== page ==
Jersey Reform Day.
This site is dedicated to the day, now officially recognised annually by the States of Jersey, to mark the anniversary of the events of 28 September 1769.
Jersey's own Independence or Bastille Day.
The only certainties in life are said to be death and taxes.
Jersey is long established as a tax haven but what is the scope regarding death?
Clearly avoidance of death is not an option yet for us living persons – but memorials to the dead are usually designed to keep somebody alive in our minds. No harm in that we might think but there is a bandwagon currently promoting the construction of yet another memorial to Major Peirson who was killed in the Royal Square in 1781 fighting the French.
There are already many images of the dead Yorkshire-man around. He features in Copley’s painting of the “Battle of Jersey”, his bronze bust sits in the Town Hall and in the TownChurch, his likeness features in countless articles and books. But why?
What is our obsession with this death in battle really all about?.....
“What need of sculpture’s marble to imprint
The worth impressed on every British heart
Peirson’s – who rushed invasion to repel
And conquering, covered o’er with laurels fell.”
Another memorial is underway to Francois Scornet, the young French-man executed at St. Ouen’s Manor by the Germans during the Occupation.
Of all the millions who died violently during the Second World War – why are we constructing this particular memorial now?
What are we really remembering?
Of course it helps if somebody local has been killed by foreigners. That allows us to justify murder as a glorious patriotic act more easily and gives us somebody to blame who is not part of our own community.
The words on the Durell/Saumarez memorial in the TownChurch says it all – “he acquired glory to his country by his death being slain in a sea-fight against the French in 1747 etc.”
Thomas Anquetil is remembered in the same building, killed “whilst fighting hand to hand with the enemy” in Bengal in 1842. Did he, we wonder, bayonet to death any of the ancestors of those Indians we now seek to trade with? Is Anquetil’s death to be viewed as “glorious” now?
What does God think about such sentiments being displayed in his holy building?
All twelve Jersey parishes have obelisks or other memorials to the glorious dead of the two world wars and a TownChurch plaque declares that the names of the 24 men who fell in the 1914-18 conflict “liveth for evermore”- but do they and why should they?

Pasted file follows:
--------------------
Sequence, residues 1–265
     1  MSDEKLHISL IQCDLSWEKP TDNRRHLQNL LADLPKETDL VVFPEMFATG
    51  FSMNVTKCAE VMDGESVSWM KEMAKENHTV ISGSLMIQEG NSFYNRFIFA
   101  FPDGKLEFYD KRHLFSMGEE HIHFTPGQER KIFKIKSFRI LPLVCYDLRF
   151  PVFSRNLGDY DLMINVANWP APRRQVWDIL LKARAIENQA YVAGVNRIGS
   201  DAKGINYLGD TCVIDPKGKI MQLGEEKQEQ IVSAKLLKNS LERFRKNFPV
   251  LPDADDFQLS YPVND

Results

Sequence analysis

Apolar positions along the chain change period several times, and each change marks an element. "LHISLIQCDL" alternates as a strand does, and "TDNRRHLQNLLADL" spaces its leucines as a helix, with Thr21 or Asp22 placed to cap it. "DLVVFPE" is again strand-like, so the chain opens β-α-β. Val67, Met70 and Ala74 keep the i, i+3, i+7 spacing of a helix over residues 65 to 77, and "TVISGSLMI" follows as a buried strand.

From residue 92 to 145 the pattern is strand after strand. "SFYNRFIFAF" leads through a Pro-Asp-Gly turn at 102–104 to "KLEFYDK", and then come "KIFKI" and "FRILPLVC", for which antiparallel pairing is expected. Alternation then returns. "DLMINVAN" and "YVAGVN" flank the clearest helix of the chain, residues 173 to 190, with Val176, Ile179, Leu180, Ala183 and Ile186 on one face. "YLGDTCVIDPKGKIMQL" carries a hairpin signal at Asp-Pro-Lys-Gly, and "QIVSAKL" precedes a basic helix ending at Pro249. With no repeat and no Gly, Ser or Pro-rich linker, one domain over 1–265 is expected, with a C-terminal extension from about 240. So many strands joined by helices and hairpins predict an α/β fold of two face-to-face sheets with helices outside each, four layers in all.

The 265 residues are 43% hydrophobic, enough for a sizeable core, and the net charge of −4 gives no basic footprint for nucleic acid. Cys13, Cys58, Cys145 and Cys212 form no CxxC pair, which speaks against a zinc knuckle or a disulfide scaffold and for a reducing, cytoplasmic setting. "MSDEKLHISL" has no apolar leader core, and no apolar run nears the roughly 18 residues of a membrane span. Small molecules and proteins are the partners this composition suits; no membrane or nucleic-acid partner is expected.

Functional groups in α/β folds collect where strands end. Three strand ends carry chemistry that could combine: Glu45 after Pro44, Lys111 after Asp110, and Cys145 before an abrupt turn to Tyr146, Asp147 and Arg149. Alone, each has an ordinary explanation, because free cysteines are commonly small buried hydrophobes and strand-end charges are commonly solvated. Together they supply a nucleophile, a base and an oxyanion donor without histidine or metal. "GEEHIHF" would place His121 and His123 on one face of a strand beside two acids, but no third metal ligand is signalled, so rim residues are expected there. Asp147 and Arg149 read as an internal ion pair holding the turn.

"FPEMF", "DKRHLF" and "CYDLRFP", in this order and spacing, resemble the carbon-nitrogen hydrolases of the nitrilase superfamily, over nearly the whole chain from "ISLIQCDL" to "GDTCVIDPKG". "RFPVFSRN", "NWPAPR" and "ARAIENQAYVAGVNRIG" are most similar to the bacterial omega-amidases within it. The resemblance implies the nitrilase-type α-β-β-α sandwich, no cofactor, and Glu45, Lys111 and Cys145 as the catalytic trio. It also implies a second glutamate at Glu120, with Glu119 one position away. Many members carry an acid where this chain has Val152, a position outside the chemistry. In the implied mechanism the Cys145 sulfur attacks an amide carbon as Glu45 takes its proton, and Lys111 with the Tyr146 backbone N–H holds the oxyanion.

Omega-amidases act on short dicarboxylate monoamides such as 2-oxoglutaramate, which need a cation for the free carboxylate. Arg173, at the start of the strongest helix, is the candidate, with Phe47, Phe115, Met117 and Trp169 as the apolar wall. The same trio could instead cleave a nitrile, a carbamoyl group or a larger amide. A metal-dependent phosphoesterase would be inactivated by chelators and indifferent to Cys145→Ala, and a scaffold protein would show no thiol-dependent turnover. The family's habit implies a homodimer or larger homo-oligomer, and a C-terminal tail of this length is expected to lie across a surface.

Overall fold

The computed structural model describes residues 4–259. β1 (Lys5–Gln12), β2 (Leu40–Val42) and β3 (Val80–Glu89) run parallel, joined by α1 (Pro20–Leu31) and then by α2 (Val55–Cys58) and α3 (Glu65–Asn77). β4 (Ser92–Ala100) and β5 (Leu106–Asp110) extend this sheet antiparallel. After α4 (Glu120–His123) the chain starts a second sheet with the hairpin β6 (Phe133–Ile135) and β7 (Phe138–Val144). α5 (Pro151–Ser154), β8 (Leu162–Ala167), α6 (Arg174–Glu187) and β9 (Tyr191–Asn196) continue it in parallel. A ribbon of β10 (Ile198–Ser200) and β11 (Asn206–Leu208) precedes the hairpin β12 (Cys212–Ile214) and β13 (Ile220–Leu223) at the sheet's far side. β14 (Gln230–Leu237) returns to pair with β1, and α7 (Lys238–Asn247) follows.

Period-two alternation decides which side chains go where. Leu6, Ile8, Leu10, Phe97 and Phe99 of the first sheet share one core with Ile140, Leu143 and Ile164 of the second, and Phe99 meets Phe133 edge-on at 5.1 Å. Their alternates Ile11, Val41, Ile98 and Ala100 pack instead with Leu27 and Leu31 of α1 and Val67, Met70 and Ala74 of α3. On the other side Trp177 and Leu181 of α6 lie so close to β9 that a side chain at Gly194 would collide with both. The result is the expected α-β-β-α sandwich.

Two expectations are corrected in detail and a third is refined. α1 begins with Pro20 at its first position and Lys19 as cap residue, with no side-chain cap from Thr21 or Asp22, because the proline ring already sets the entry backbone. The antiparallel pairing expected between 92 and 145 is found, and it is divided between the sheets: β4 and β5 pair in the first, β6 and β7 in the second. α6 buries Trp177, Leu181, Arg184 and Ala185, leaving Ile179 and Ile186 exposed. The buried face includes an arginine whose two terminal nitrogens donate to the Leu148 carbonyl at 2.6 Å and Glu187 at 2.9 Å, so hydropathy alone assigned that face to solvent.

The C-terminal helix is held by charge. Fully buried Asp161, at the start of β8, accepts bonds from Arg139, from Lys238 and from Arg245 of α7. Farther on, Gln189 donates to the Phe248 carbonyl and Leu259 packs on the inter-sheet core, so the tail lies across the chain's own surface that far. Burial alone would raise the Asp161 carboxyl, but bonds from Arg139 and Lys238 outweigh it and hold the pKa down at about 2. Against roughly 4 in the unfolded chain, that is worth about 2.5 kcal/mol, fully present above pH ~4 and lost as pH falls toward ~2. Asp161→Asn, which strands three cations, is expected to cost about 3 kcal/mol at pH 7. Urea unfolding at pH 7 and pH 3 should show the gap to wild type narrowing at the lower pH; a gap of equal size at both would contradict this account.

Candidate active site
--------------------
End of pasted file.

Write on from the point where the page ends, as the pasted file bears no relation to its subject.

There have been hundreds of wars over thousands of years and millions of deaths – why are we so selective with our memory – why do we only remember the few by name? If Major Peirson warrants a statue now, two centuries after he died – what about all the others? Or should it more properly be - ALL or NONE?
We have blogged previously about the whole Remembrance/ Red Poppy ritual that overtakes Britain from September to November each year and wonder if this an appropriate way to remember those who have suffered in past conflicts or to raise funds for injured service-people or their dependents still living.
This blog-site is dedicated to the memory of the gallant, brave people who overthrew the corrupt
Jersey Royal Courton 28th September 1769. We believe that this event is something that does warrant a memorial and should be celebrated as an important day in Island history. Nobody died – the demonstration was peaceful.
But, why has the event been so deliberately forgotten?
We also have supported Team Voice in sponsoring a bronze portrait of Emille Collins, the long-time democratic, political campaigner who still phones-in the BBC radio. He surely deserves to be recognised in his lifetime – and to be remembered long after his inevitable demise.
But, shall anybody be proposing a sculptured memorial outside or near Haut de la Garenne where generations of Jersey children were abused or worse, over many decades?
Which particular aspects of our own past violence are to be remembered in future?
The video that follows shows Jersey’s very own Welsh historian and linguist Geraint Jennings, talking in Jerriaise and English before the statue of German-speaking Hanoverian King George II aka Duke of Brunswick, who was the last British monarch to lead the English army into battle on foreign soil (in Germany) and he is depicted here, in the Royal Square of Jersey, as a Roman Emperor, whilst some would say he was really the Duke of Normandy, so far as the Channel Islands are concerned.
The statue, sculpted by Clapham-born John Cheere was already in the square to oversee the 1769 Jersey Revolution and received some damage from the French in the American War of Independence battle during which Yorkshire-man Major Peirson of a Derbyshire regiment – died on 6th January 1781.